Similarly, the position information generating module 104 can generate the correction coefficient of PESsub using the values of PESsub at a position shifted by −⅜ of a track and a position shifted by −⅛ of a track from the center of the track m. The difference between the PES value at the −⅜ position and the PES value at the −⅛ position may be called “rampDeltaSub.” The correction coefficient for the segmented region ranging from −⅜ to −⅛ can be expressed as follows:
posRampSlopeSub=(¼)/rampDeltaSub.

Referring now to FIG. 11, an example of correction coefficients that are plotted against their position from the track is shown. The vertical axis represents a value obtained by multiplying the correction coefficients by 217. The correction coefficient corresponding to PESmain is approximately 56. The correction coefficient corresponding to PESsub is approximately 61. The position information generating module 104 uses the appropriate correction coefficient for each segmented region corresponding to PESmain or PESsub.

Referring now to FIG. 12, a graph of real track positions as a function of corrected PESs when different PESs are used at ¼-track intervals is shown. PEScd, PESba, PESab, and PESdc are multiplied by posRampSlopeMain. PESca, PESbc, PESdb, and PESad are multiplied by posRampSlopeSub. In other words, the gain of the PESs is adjusted by the correction coefficient. As a result, the slope of the linear component of each segmented region is practically the same.

The position information generating module 104 can generate accurate position information by selecting the PES having the highest linearity for each segmented region. For example, from FIG. 12, the position information generating module 104 may select PESs having amplitude of nearly 0. Such PESs for each segmented region are shown below.

    • −⅝ to −⅜: PEScd
    • −⅜ to −⅛: PESca
    • −⅛ to +⅛: PESba
    • +⅛ to +⅜: PESbc
    • +⅜ to +⅝: PESdc
    • +⅝ to +⅞: PESdb
    • +⅞ to +9/8: PESab
    • +9/8 to +11/8: PESad
    • +11/8 to +13/8: PEScd
      One end of each segmented region is at a first offset position shifted by ⅛ width of a track from the center of the track (or from the boundary between adjacent tracks). The other end of each segmented region is at a second offset position shifted by ¼ width of a track from the first offset position.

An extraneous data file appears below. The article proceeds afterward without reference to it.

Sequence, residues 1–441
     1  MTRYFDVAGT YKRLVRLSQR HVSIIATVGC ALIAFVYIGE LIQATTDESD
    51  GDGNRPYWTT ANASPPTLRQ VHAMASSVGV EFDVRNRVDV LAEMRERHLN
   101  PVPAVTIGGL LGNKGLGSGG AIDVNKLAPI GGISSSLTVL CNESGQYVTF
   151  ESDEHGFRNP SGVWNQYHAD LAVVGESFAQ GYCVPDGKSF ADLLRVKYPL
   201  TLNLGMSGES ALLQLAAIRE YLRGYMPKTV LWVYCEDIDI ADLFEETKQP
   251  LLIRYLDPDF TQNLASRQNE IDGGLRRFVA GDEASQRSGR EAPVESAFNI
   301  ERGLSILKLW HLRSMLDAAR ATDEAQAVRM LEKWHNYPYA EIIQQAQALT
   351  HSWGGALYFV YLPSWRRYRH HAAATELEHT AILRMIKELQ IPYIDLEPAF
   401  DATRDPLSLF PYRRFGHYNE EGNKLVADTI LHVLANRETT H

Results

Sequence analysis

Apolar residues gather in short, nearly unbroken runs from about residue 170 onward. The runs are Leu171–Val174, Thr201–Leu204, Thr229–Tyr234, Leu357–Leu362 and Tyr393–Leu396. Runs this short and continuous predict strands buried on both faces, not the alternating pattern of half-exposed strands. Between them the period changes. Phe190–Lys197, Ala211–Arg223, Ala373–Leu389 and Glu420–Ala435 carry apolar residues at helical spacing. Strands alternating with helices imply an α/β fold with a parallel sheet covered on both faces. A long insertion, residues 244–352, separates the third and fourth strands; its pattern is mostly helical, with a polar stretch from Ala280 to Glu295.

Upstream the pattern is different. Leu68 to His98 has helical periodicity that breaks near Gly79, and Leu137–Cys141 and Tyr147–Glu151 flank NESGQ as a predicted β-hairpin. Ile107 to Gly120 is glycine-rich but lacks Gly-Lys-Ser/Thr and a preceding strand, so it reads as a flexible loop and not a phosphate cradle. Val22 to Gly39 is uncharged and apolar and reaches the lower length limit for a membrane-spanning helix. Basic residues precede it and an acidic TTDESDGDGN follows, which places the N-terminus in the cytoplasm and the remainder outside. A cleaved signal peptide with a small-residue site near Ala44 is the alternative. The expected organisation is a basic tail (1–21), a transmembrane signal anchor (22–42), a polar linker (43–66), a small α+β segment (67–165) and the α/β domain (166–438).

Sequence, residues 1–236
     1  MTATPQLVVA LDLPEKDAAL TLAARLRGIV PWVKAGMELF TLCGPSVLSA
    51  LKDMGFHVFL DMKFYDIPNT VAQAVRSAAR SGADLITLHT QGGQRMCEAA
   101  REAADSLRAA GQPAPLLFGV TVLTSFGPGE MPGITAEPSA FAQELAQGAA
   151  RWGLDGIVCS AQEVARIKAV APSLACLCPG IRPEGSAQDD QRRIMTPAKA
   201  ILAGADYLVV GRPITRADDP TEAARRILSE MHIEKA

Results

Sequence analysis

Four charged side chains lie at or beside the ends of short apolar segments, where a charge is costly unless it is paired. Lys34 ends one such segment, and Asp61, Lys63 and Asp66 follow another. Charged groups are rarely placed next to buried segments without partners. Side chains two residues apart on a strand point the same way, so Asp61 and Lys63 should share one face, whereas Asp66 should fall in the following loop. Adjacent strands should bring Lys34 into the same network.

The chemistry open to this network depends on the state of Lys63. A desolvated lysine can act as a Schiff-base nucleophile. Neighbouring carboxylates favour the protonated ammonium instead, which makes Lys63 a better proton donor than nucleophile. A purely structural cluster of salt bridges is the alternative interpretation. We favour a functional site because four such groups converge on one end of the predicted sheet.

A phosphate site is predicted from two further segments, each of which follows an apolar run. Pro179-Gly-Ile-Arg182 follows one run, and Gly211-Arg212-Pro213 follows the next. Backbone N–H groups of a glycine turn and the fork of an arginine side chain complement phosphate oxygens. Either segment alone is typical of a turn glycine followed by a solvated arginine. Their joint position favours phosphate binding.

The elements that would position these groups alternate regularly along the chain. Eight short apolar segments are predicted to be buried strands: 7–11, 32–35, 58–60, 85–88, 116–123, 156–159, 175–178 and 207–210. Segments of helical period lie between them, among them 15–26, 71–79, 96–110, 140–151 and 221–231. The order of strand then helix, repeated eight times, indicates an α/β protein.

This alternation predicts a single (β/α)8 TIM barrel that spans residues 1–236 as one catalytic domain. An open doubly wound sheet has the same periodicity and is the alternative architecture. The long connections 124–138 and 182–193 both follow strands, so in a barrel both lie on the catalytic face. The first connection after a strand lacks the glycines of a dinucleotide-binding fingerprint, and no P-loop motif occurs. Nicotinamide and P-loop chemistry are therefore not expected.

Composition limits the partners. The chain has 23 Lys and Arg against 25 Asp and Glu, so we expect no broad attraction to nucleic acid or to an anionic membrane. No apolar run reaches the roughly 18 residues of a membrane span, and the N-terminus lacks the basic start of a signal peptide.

For example, the head may be at a position in the segmented region ranging from −⅛ of a track to +⅛ of a track from the center of the track m. The head position may be determined based on the burst data A, B, C, and D and the track number received from the servo address demodulating module 114. When the head is determined to be positioned as such, the position information generating module 104 selects PESba since PESba has amplitude of nearly 0 in the above segmented range and increases thereafter.

Referring now to FIGS. 13 and 14, a straight line connects the PES values selected for each segmented region according to the distance from the center of the track m. In FIG. 13, the PES values are selected according to FIG. 12. In FIG. 14, the range from track positions 0 to 0.5 is magnified to show improved linearity relative to the line shown in FIG. 4. As shown in FIG. 13, the relationship between the detected track positions and the real track positions is practically an ideal straight line. Accordingly, the position control module 102 can accurately control the position of the head at any of the track positions.

The position information generating module 104 stores the correction coefficients posRampSlopeMain and posRampSlopeSub used to generate the position information. The position information generating module 104 generates PESmain and PESsub using the PESs generated based on the servo information read by the head. The position information generating module 104 multiplies PESmain and PESsub by the correction coefficients posRampSlopeMain and posRampSlopeSub read from the position control module 102, respectively. Thus, the position information generating module 104 can track head positions by referencing the stored position information using the multiplication results.

In FIGS. 9 to 14, a position offset by an ideal amount equal to ⅛ of a track from the center of any track (or from the boundary between any two adjacent tracks) can be detected by using a combination of PESmain and PESsub. Practically, characteristics of the head or the burst patterns may slightly differ. Accordingly, a small difference δ may result between (i) the offset position generated based on the combination of PESmain and PESsub and (ii) the real position at ⅛ of a track from the center of a track (or from the boundary between adjacent tracks).